The melding of the world’s two main financial accounting standards – United States Generally Accepted Accounting Standards (US-GAAP) and International Financial Reporting Standards (IFRS) – continues apace. Initially, the idea was to converge the two into a single, global standard. Although there was general agreement that the concept was a noble one, there were enough differences to produce practical concerns about implementing these changes, especially in the United States. Then, in December 2010, the U.S. Securities and Exchange Commission (SEC), which mandates accounting standards for publicly traded companies, indicated that while in principle it favors a single international accounting standard, the Commission was going to take a “condorsement” approach, which I covered in a note last year. The SEC’s move essentially derailed the prior objective of replacing US-GAAP with IFRS by the middle of this decade. Still, the coming together of US-GAAP and IFRS continues to forge ahead even without acceptance of full adoption in the U.S. The two bodies that administer accounting standards, the Financial Accounting Standards Board (FASB), which manages US-GAAP, and the International Accounting Standards Board (IASB), which manages IFRS, are attempting to standardize wherever possible and harmonize as best they can elsewhere. One important area where there’s been significant progress is revenue recognition.
Host Analytics is taking advantage of one of the inherent advantages that vendors of software as a service (SaaS) have compared to on-premises ones: It’s easier for them to offer their customers data services and shared data repositories. The company’s Decision Hub has been available since last summer. Although it doesn’t break new ground, it is a solid offering of this type and its value should be considered in any evaluation of Host’s offering.
Topics: Planning, Operational Performance Management (OPM), Reporting, Budgeting, closing, Consolidation, Host Analytics, Business Analytics, Business Collaboration, Cloud Computing, Business Performance Management (BPM), Data, Financial Performance Management (FPM), Sales Performance Management (SPM), Workforce Performance Management (WPM), benchmark, Decision Hub, Financial Performance Management, SEC
As the third calendar quarter draws to an end, most companies will be preparing their financial close, which is part of the ongoing accounting cycle. Periodic closing is a core finance function. Since companies found they could substantially shorten their closing intervals with computer-based accounting systems in the 1990s, there has be an ongoing focus to keep shortening the time it takes to close, and for good reason. For companies that must file financial statements with investors, closing the books sooner provides more time to devote to preparing and organizing the statements. And as regulations shorten deadlines for these filings, it puts pressure on the accounting department to finish this phase sooner. In our last benchmark research, a majority of companies wanted to accelerate their close, especially if it takes more than five business days, and nearly one-third (31%) of companies wanted to shorten their close to have more time for analysis and auditing before publishing their financial statements. Since this data is usually the most important component of a periodic review, a faster close lets assessments take place sooner and therefore become more actionable. Indeed, more than half (58%) of participants in our research said the major benefit of accelerating the close is getting financial or management information out sooner.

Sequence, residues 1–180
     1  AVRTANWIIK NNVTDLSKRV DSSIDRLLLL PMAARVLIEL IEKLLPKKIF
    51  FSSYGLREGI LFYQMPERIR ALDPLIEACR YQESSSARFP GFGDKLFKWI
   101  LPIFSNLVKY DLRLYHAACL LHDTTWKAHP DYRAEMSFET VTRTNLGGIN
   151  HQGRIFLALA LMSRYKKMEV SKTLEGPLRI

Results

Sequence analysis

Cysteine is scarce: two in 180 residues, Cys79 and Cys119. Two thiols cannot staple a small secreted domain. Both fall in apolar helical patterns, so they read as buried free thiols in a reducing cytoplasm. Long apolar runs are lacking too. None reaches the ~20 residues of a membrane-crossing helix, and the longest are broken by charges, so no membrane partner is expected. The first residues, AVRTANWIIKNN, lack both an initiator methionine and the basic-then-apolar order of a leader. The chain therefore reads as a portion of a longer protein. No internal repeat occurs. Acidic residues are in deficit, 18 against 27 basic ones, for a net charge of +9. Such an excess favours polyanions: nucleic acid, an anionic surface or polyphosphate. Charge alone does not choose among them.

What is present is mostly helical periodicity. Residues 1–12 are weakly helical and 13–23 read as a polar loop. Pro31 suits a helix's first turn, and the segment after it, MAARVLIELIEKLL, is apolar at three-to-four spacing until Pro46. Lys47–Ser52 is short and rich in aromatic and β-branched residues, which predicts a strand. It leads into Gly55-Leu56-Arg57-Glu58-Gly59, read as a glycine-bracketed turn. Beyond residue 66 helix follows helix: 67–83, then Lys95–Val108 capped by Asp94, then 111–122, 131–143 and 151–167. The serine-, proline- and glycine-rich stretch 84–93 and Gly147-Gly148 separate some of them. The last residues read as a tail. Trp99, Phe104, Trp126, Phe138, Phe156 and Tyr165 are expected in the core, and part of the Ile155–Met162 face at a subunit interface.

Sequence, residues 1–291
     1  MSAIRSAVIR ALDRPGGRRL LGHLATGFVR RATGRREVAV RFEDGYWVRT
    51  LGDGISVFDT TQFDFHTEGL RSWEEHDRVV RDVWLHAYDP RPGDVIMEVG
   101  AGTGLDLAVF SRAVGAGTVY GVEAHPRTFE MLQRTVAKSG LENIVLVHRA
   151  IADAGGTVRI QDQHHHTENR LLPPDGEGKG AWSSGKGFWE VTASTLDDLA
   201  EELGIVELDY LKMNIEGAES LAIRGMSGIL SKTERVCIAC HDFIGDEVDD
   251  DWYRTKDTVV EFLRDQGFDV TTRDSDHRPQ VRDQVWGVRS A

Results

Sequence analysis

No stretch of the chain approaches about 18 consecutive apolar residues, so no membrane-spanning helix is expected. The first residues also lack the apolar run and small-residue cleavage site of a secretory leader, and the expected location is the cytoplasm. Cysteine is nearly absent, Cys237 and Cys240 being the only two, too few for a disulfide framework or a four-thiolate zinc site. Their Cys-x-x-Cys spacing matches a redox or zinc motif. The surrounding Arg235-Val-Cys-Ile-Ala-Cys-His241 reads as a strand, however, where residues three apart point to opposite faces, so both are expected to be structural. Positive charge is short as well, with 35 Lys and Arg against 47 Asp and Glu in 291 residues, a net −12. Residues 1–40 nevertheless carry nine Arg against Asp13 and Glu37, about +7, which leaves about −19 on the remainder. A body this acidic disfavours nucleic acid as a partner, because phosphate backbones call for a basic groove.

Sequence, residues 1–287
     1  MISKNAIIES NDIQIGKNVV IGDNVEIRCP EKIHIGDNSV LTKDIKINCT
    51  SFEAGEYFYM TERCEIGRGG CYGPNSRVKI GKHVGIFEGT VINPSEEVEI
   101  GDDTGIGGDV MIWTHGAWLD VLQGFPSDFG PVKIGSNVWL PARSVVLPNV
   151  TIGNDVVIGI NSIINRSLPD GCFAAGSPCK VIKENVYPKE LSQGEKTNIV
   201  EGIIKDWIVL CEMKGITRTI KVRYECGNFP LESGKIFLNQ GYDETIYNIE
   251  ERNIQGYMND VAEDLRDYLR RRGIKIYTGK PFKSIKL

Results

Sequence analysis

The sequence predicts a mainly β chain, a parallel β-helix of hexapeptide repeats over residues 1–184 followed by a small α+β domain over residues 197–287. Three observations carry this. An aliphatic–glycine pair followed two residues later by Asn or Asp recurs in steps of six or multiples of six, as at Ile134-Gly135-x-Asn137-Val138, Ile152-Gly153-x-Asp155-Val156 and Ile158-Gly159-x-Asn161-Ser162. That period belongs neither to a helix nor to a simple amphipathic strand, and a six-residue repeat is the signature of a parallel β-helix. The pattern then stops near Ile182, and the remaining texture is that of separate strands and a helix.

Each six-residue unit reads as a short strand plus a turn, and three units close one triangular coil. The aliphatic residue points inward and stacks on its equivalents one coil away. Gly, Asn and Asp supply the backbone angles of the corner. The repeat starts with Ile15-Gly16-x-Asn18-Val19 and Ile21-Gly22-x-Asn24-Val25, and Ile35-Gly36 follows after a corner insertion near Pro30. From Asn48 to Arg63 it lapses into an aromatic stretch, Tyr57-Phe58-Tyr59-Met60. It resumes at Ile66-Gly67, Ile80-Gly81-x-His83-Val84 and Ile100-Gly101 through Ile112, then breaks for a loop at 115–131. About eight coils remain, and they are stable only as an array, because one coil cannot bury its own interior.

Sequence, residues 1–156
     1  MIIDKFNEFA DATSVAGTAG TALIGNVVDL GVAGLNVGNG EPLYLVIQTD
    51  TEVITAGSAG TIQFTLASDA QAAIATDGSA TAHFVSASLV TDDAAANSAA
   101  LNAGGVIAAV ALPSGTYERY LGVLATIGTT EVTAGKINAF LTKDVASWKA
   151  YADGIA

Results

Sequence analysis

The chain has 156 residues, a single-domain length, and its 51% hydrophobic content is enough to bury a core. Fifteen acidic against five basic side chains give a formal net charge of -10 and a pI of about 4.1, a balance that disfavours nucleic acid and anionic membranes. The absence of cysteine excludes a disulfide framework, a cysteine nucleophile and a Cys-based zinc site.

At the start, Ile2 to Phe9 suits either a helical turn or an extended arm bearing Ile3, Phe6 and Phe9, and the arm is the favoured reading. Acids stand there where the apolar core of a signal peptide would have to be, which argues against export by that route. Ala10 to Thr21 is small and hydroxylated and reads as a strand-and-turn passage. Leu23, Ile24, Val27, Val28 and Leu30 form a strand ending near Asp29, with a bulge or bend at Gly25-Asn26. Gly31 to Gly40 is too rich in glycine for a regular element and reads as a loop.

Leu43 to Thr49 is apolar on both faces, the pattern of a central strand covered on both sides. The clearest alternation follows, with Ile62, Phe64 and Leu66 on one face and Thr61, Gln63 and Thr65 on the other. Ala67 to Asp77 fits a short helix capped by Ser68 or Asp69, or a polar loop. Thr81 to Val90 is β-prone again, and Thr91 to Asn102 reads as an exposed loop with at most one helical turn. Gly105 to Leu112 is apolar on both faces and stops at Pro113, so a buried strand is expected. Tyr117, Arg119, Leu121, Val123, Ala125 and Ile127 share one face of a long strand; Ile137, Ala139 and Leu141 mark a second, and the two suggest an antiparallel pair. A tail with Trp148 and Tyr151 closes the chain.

Topics: Office of Finance, Reporting, closing, Consolidation, Fast close, Business Performance Management (BPM), Financial Performance Management (FPM), benchmark, Financial Performance Management, financial reporting, SEC
Hans Hoogervorst, who just succeeded Sir David Tweedie as the chairman of the International Accounting Standards Board (IASB), recently said he is “optimistic the SEC will move to fully incorporate IFRS [International Financial Reporting Standards] shortly.” I find it hard to see why, unless one has a fairly elastic definition of “fully,” “incorporate” and “shortly” (or at least two out of three). Then again, one shouldn’t fault the head of an organization for expressing undue optimism since that’s what he or she is supposed to do.
Topics: Office of Finance, Reporting, Consolidation, FASB, IASB, IFRS, Business Analytics, Business Collaboration, Business Performance Management (BPM), Financial Performance Management (FPM), GAAP, SEC
IBM Software recently held a user group conference called Vision 2011 that focused on its Clarity Systems acquisition’s users but also covered broader finance department topics. For me, the highlight of the show was the continued evolution and enrichment of the Clarity FSR external reporting application designed to automate the close-to-report cycle. This process is commonly referred to as “the last mile of finance,” a term coined by a now-defunct company, Movaris, and adopted by Gartner. If you think about it, though, it isn’t “the last mile” for the tens of thousands of companies that don’t publish financial statements and is only one of several important finance department processes that follow the accounting close (such as internal reporting and tax statement preparation).
In July, Australia adopted what it calls "Standard Business Reporting" (SBR), which is designed to reduce the reporting burden imposed on businesses by the country's federal and state governments by streamlining the information submission ("lodging" for the Oz) process. In essence, the country is on its way to a file-once-use-many approach whereby companies provide data using a single secure sign-on known as "AUSkey" As of now, SBR reports include the Business Activity Statement, Tax File Number Declarations, payment summaries, payroll tax returns and financial statements. While the data can be compiled manually, the objective is to have SBR-enabled software to pre-fill and complete government forms directly from their own accounting and other business systems. The Australian initiative has been in the works for several years and appears to be off to a good start.